An NMR investigation of pore size and paramagnetic effects in synthetic sandstones

Leah Ronan

    Research output: ThesisDoctoral Thesis

    282 Downloads (Pure)


    [Truncated abstract] This thesis describes the development of synthetic rock samples, representative of core samples from hydrocarbon reservoirs. The basic process consists of screening and sorting silica particles into discrete grain sizes, and then binding them together using a proprietary process known as CIPS, (Calcite In-situ Precipitation System). In the bonding process, the porosity of the system is substantially preserved, and the technique allows the manufacture of synthetic core samples with a tailor-made permeability. The produced samples were extensively characterised using a variety of analytic techniques to determine their porosity, permeability and pore size distribution. These analyses were a necessary pre-cursor to a major part of this thesis: the characterisation of the pore space by nuclear magnetic resonance (NMR) techniques. The synthetic core samples, covering a 7 times factor in grain sizes were examined using NMR, and this data formed the comparative basis for the NMR studies that followed. Two fundamental NMR questions were posed and answered in this thesis: 1. What is the effect of paramagnetic ions in the rock matrix on the NMR response? In pursuit of this question the CIPS process was extended to include co-precipitation of paramagnetic ions. A key feature is that the ions were deposited in predictable amounts at known sites (on the wall of the pore space). ... The NMR response in these double cores was then measured and examined to provide an answer to the question posed at the beginning of this paragraph. The significance of this work is that the physically distinct cores are a cylindrical analogue of adjoining sedimentary strata. By answering the question posed above, the thesis gives an indication of the vertical porosity resolution ultimately possible in an NMR logging tool. At present this ranges from 9” to 24” in the most favourable circumstances. This work suggests that the NMR signal carries porosity information at a much higher resolution, and that advanced numerical analysis of the NMR signature could realise the potential of greater stratigraphic resolution in NMR logging In addition to the research outlined above, the application of the CIPS technique to produce analogues of reservoir rocks, pioneered in this thesis, has stimulated similar research to be undertaken at other institutions, including the fabrication of synthetic reservoir cores containing clay particles (at CSIRO - the Commonwealth Scientific and Industrial Research Organisation) and a large scale application, formation of meter size blocks of CIPS bonded material, with separate strata, for laboratory studies of seismic waves (at Curtin University)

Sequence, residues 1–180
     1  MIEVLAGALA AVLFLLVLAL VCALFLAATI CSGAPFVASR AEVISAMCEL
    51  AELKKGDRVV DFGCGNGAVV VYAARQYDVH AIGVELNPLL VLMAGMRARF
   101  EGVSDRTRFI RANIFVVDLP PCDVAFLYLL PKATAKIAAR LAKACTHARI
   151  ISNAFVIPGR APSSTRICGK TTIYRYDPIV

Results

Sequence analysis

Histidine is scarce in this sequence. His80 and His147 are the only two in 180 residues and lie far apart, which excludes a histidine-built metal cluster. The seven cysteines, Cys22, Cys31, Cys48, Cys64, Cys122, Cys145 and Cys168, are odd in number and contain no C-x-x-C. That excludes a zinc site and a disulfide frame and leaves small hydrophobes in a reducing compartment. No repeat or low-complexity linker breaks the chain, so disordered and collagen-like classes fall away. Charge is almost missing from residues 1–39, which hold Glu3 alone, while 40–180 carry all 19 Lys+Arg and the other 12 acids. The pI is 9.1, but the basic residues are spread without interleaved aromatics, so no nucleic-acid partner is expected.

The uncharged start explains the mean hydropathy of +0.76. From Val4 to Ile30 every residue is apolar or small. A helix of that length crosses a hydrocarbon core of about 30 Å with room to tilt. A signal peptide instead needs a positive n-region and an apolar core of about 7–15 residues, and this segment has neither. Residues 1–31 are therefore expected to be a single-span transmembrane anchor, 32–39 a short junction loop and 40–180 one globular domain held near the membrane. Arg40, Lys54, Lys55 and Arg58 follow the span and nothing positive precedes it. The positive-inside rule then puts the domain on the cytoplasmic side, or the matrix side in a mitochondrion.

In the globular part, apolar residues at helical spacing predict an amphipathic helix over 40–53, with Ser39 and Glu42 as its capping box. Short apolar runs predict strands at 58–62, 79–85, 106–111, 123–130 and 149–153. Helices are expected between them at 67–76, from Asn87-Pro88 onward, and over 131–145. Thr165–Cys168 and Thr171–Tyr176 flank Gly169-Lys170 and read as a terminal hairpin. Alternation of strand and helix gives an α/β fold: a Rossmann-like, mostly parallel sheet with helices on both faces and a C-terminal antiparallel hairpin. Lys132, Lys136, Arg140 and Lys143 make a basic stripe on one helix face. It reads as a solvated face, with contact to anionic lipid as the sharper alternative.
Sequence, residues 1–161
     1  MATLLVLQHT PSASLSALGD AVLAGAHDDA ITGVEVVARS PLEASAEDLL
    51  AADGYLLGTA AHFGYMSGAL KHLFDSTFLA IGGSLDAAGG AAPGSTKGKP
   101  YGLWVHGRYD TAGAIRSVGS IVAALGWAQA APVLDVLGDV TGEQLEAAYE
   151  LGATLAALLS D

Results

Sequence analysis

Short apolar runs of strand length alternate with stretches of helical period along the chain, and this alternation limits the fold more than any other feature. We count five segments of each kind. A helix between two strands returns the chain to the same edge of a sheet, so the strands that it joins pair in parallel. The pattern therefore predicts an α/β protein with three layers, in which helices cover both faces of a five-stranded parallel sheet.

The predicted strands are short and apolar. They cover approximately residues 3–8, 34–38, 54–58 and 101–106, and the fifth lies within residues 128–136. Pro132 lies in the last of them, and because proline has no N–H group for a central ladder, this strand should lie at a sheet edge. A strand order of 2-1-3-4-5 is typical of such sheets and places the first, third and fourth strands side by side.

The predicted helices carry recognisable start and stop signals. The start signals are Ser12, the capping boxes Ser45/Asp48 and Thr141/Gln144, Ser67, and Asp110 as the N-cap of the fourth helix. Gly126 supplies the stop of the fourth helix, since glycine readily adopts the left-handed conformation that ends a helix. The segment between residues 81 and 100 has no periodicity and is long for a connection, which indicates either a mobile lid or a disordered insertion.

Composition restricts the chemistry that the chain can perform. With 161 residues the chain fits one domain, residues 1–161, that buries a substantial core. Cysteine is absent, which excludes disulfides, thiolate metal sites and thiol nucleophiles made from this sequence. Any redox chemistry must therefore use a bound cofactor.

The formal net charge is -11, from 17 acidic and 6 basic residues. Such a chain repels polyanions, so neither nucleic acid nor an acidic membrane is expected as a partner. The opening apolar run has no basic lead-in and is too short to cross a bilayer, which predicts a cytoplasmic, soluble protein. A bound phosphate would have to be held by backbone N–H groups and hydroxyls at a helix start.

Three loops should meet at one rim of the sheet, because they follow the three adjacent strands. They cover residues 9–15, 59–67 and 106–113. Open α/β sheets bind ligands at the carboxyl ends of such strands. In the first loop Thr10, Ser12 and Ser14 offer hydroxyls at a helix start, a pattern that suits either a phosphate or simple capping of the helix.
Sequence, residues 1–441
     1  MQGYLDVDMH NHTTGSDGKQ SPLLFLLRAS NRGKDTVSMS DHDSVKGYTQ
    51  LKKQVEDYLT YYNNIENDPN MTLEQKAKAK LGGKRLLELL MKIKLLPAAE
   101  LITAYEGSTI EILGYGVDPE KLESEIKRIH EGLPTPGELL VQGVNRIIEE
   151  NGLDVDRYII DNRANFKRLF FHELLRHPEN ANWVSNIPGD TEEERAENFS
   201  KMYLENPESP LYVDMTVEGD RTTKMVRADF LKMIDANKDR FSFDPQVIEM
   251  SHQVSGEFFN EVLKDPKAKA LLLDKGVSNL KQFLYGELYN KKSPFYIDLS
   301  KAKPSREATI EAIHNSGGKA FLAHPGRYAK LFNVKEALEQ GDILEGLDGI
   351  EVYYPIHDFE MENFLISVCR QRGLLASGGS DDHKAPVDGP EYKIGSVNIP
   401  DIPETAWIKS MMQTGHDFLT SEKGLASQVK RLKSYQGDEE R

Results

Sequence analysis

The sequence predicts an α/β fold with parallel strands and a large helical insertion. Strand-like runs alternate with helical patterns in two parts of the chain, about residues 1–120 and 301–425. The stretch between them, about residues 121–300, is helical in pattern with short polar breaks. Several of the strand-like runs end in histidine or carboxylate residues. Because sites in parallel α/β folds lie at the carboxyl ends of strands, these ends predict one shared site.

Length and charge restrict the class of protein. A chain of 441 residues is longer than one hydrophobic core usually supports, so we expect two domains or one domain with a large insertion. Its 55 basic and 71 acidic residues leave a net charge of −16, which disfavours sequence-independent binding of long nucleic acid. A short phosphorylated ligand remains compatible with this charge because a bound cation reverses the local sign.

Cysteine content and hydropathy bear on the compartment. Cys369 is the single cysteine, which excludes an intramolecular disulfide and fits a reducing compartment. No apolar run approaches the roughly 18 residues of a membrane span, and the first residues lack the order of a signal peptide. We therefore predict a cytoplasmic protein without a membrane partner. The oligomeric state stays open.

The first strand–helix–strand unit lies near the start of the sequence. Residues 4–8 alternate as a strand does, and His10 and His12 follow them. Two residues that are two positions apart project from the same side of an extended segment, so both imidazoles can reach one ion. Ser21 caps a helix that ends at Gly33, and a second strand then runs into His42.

Original languageEnglish
    QualificationDoctor of Philosophy
    Publication statusUnpublished - 2006

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